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Consumer Behavior Study Guide for Exam 3

Consumer Behavior Study Guide for Exam 3 - CONSUMER...

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CONSUMER BEHAVIOR STUDY QUESTIONS Part 3 LEARNING (FINISH READINGS) 1. What are operant and classical/respondent conditioning? How do they differ from one another? - Association: associate one thing with another - Proximity: close in time or space between two things; the more likely consumers will learn the association - Repetition: the more often the pair appears together; the more people will associate the two things together - Consistency: the more the two appear in conjunction; the more people will associate the two - Operant Conditioning - Deals with behaviors which are usually assumed to be under conscious control of the individual - Conditioned by consequences which occur AFTER the behavior - Occurs when the probability that an individual will emit one or more behaviors is altered by changing the events or consequences which follow the particular behavior - Some events or consequences increase or decrease the frequency of a given behavior through positive or negative reinforcement (positive/negative rewards) - Three main concepts for classical/operant conditioning - Reinforcement schedules - Continuous schedule - Fixed ratio - Variable ratio - Shaping - Involves process of arranging conditions which change the probabilities of certain behaviors in order to increase the probabilities of other behaviors - Because it is based on already existing response hierarchy, probability of desired behavior is small - Marketing implication: Loss leaders and special deals are used as rewards for individuals coming into the store (probability of person buying other full-priced items are bigger then when they were not in the store) - Discriminative stimuli - The mere presence or absence of a stimulus can serve to change the probabilities of behavior - Marketing implication: Store signs/logos/brand marks are good examples; based on previous experiences, purchase behavior will be rewarded when the distinctive symbol is present and not rewarded when the symbol is absent - From Handout: - Rewards/punishments (positive/negative) - Schedules of RI - Punishments (positive/negative) - Drive state - Extinction - Distinctive cues - Shaping - Simplicity of response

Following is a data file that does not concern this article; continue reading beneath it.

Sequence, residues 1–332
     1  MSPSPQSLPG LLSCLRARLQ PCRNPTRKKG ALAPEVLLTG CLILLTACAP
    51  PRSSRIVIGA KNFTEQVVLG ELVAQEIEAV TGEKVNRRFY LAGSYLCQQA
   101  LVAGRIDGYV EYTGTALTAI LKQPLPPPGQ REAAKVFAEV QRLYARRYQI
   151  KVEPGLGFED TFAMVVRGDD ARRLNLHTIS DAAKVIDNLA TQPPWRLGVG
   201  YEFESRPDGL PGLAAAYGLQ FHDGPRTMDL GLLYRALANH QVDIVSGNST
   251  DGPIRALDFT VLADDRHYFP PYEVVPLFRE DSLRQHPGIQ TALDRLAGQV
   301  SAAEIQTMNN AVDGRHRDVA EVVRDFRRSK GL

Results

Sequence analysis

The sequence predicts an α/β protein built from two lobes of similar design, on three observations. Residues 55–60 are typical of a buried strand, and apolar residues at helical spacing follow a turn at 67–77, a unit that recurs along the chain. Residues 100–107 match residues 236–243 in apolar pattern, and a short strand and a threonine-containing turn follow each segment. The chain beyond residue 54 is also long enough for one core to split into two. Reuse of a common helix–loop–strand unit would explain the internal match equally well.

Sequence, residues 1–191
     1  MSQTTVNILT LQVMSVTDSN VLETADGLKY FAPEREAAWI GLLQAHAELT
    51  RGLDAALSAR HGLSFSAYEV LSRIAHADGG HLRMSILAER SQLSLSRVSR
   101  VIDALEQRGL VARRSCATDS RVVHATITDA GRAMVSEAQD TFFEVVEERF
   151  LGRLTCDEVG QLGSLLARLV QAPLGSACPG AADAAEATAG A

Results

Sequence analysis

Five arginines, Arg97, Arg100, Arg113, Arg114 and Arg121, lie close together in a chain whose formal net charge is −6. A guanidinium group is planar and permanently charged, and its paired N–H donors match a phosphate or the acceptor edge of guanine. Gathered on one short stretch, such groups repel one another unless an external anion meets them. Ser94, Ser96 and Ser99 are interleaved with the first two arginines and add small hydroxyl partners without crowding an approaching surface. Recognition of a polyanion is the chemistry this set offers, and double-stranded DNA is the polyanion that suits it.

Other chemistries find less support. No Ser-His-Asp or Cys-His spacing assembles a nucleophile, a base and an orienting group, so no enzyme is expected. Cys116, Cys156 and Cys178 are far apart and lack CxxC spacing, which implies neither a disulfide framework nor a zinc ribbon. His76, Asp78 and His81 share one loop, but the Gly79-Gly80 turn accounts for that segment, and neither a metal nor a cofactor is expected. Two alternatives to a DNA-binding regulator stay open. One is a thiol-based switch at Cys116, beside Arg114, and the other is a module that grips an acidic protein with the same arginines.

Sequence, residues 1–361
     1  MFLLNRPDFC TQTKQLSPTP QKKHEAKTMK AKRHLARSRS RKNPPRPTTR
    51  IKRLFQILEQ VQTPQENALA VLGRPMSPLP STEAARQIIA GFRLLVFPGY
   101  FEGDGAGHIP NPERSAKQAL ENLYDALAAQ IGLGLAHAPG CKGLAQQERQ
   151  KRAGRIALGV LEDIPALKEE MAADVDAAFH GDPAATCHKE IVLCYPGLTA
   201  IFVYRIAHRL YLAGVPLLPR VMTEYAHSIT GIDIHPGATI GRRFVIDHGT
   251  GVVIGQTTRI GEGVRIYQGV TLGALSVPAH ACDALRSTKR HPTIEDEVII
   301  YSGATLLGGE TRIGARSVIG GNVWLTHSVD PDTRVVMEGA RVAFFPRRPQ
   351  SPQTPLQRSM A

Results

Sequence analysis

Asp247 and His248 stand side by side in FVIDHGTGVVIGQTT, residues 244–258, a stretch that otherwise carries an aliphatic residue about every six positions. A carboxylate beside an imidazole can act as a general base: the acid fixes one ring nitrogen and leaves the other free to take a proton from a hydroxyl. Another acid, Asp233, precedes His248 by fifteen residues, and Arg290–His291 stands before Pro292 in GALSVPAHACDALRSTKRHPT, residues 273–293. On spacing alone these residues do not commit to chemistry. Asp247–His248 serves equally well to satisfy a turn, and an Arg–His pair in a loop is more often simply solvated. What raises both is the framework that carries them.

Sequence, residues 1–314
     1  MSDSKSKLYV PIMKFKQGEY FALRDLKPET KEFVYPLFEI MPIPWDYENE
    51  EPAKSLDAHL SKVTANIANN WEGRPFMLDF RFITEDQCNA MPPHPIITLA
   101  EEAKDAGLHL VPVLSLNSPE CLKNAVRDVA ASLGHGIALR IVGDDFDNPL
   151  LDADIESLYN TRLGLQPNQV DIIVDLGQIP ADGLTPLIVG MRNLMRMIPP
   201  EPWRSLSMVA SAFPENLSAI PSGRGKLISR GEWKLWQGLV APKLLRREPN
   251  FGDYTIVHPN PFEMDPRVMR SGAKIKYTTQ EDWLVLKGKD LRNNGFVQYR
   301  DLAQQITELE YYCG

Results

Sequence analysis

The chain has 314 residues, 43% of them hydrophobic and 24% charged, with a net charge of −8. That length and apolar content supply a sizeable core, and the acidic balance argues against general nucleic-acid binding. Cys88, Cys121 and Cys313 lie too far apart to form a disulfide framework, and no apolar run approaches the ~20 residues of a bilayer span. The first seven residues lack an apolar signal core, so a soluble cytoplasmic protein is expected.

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- Respondent/classical conditioning: - Class of behaviors which are under control of stimuli that precede them; not susceptible to conscious control - Process through which a previously neutral stimulus, by being paired with an unconditioned stimulus, comes to elicit a response very similar to the response originally elicited by the unconditioned stimulus - Particular stimulus can come to evoke positive, negative, or neutral feelings - Marketing implications: Determines a wide variety of objects or events which a person will work to obtain, avoid, or be indifferent to - Directs attention to the presentation of stimuli which, due to previous conditioning, elicit certain feelings in the potential consumer - In some cases, marketer may find it useful to actually condition responses to stimuli - The benefits which can be gained by employing the principles of R.C
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